I wish to draw attention to the problems of providing adequate public services for those who live and work in London. London, like other large cities in the world, contains a great deal of wealth and a great deal of poverty. It has an exciting variety in its cultural life, its historic buildings and its national and commercial institutions, but side by side with all this wealth there is poverty, multiple deprivation, congestion on the roads, and an overloaded public transport system, prob- lems of environmental pollution and of crime, and many examples of homelessness, loneliness and human despair.
Although we in London take pride in all that we have, we should also remember that for hundreds of thousands of Londoners the wealth does not exist. They are shut out because they cannot begin to afford what London has to offer, cannot in thousands of families make a decent life for themselves.
Those who visit London from the Provinces sometimes assume, because they see the bright lights of the West End, that the problems of London are small or non-existent. It is perhaps because of this that London receives less attention than it might in the House, less money than it needs from the Government, and less understanding of its terrifying problems from the nation at large than it should get. This is why I welcome this opportunity of raising this subject in this debate this morning.
The problems we face in London are getting steadily more serious. The burden shouldered by public services becomes greater and, therefore, more expensive. Because in recent years they have not been able to keep pace with the deteriorating situation, some of the public services are becoming dispirited and morale is being affected. It is no exaggeration to say that we are reaching a crisis in Greater London.
Obviously I cannot attempt to deal with every service and problem, but it is important at the outside to emphasise that the problems are inter-related. For instance, a failure to house people may throw a burden on the social services, on the schools, on the police, and on the probation service. But there is more to it than that. This very lack of adequate housing at reasonable prices and rents is making it increasingly difficult, if not impossible, for the Greater London Council, the boroughs, the hospitals, the Inner London Education Authority, the probation officers, the police and the transport services to attract and hold the very staff they need to deal with an ever-growing variety of problems.
With the statistics of homeless reaching an all-time peak, with 500,000 people, according to the census, living in accommodation without their own bathrooms, hot water and inside lavatory, with 100,000 people lacking even the exclusive use of a stove or sink, with very modest houses built in my constituency at the beginning of the century now changing hands for £12,000 to £13,000, it is obvious that the housing crisis lies at the root of many of our problems. The actions and the inaction of the present Government in housing and land policy have exacerbated a steadily worsening situation.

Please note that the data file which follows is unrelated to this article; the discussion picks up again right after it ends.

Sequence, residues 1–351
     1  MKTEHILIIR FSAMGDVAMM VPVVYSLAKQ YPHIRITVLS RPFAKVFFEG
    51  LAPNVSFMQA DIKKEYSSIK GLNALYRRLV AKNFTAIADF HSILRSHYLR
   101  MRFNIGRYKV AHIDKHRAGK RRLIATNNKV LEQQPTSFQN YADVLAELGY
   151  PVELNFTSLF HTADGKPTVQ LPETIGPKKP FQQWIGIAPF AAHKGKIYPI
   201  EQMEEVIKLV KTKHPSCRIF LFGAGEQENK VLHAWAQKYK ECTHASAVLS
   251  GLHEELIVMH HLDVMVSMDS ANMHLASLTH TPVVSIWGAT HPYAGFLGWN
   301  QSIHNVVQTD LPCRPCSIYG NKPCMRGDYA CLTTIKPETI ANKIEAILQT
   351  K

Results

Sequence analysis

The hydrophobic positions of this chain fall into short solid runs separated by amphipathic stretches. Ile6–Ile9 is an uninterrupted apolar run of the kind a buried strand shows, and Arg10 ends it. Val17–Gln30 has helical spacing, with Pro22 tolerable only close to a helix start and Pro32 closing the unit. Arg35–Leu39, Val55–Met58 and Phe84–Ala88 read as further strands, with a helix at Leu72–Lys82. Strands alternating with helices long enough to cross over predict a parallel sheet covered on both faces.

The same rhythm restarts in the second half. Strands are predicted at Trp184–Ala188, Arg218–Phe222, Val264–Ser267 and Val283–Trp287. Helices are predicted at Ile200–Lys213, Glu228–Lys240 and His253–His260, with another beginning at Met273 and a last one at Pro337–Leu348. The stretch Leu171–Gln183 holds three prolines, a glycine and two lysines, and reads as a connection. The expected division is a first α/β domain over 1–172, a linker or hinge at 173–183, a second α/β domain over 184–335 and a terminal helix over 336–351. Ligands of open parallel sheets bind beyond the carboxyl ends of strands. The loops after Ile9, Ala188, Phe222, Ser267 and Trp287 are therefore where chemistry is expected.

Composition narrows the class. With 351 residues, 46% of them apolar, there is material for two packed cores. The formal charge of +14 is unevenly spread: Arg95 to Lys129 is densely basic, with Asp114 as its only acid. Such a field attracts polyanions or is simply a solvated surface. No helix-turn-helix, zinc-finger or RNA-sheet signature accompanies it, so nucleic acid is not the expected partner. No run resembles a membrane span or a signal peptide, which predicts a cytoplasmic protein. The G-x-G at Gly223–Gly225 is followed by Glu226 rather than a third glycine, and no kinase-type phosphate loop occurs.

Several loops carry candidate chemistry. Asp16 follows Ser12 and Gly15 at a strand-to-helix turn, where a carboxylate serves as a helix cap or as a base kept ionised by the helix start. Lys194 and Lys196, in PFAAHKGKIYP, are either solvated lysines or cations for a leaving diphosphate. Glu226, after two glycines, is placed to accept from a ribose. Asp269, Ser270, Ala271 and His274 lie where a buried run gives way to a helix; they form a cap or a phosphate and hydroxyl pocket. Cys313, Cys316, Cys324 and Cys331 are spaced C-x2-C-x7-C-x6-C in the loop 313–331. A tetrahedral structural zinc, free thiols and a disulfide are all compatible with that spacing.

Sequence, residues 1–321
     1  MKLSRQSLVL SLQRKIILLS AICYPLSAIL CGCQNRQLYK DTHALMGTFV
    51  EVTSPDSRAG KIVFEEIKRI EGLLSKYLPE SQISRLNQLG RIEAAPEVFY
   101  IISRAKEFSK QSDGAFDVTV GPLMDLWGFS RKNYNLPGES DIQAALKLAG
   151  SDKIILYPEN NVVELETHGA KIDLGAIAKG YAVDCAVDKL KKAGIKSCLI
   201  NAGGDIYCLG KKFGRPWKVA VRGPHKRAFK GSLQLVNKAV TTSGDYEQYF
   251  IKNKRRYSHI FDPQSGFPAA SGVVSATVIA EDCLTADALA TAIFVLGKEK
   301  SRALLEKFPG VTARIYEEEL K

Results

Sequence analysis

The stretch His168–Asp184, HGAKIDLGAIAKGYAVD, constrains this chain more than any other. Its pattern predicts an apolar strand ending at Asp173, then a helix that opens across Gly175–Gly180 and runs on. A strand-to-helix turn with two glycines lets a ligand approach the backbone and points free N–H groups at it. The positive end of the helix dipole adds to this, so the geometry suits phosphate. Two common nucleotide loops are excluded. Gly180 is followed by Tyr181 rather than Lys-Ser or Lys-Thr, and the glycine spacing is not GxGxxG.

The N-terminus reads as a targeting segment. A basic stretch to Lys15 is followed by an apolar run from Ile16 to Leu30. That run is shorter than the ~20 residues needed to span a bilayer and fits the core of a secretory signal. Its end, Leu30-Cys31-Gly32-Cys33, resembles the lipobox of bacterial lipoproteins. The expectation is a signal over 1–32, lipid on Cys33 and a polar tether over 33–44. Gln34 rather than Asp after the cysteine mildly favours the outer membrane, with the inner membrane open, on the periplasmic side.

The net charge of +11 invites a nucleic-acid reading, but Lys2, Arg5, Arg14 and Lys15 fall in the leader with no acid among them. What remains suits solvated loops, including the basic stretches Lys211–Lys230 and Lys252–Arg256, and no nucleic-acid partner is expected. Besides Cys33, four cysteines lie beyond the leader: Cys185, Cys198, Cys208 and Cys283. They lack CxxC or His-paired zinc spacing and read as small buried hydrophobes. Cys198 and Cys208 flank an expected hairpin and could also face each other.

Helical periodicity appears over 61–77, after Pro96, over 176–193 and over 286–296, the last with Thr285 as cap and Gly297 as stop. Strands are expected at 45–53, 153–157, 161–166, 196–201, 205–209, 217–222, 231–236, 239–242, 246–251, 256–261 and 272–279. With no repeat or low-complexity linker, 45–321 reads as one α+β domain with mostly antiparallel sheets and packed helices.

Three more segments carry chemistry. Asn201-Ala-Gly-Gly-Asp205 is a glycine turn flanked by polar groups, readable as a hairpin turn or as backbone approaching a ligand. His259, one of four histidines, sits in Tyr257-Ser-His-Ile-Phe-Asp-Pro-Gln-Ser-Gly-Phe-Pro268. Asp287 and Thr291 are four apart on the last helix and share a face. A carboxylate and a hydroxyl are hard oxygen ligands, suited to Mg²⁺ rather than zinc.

In addition to all this, there are three specific problems which London faces to a degree not experienced by other cities in the United Kingdom, each of which places an enormous burden on its public services. These three are immigration, tourism, and the long-distance commuting which takes place from outside into the GLC area. I want to say a few words about each.
The census indicates that about 42 per cent. of new Commonwealth immigrants have settled in London and, in addition to that, London has received and is receiving large numbers of immigrants from Ireland, both north and south, and from other parts of the country, particularly those that have been devastated by the failure of past Conservative Governments to provide proper employment opportunities in the regions.
London has in the main welcomed immigrants. Many of those who have come have assisted in manning the very public services which I have been speaking, but they need to be housed, and their children need to be educated and often have special educational needs which have to be catered for.
Then there is tourism. The London Tourist Board says in its tenth annual report for the year ending 31st March 1973 that 80 per cent. of foreign visitors to the United Kingdom come to London. By my calculations, that means that at least 4½ million people a year come to the city. In July 1972 there were nearly 900,000 visitors from abroad, and, at the present rate of growth, next year we can expect to have 1 million foreign visitors in July alone. As welcome as foreign visitors are, they involve a considerable burden on the transport services. Homes and land for them must make way for hotels and have done so at an alarming rate in some areas of London, and many other public services paid for by the ratepayers are bound to be affected.
Lastly, long-distance commuting places enormous burdens on the transport system, on rail and on the roads. The GLDP public inquiry opening presentation on behalf of the GLC gives figures based on the census data which shows that commuting into the GLC nearly doubled between 1951 and 1966—from 240,000 to 467,000.
Now to take a look at some of the public services. I believe the schools situation to be crucially important. Last year my hon. Friend the Member for Woolwich, West (Mr. Hamling) and I and many other hon. Members warned the Secretary of State for Education and Science repeatedly about this problem at the time when she was interfering with the negotiation of the London allowance. One estimate I have seen is that South-East London will be short of about 300 teachers when the new term opens in September. The Government must understand that this is a crisis. At the moment they are apparently burying their heads in the sand. A report in the Evening Standard on 10th July said: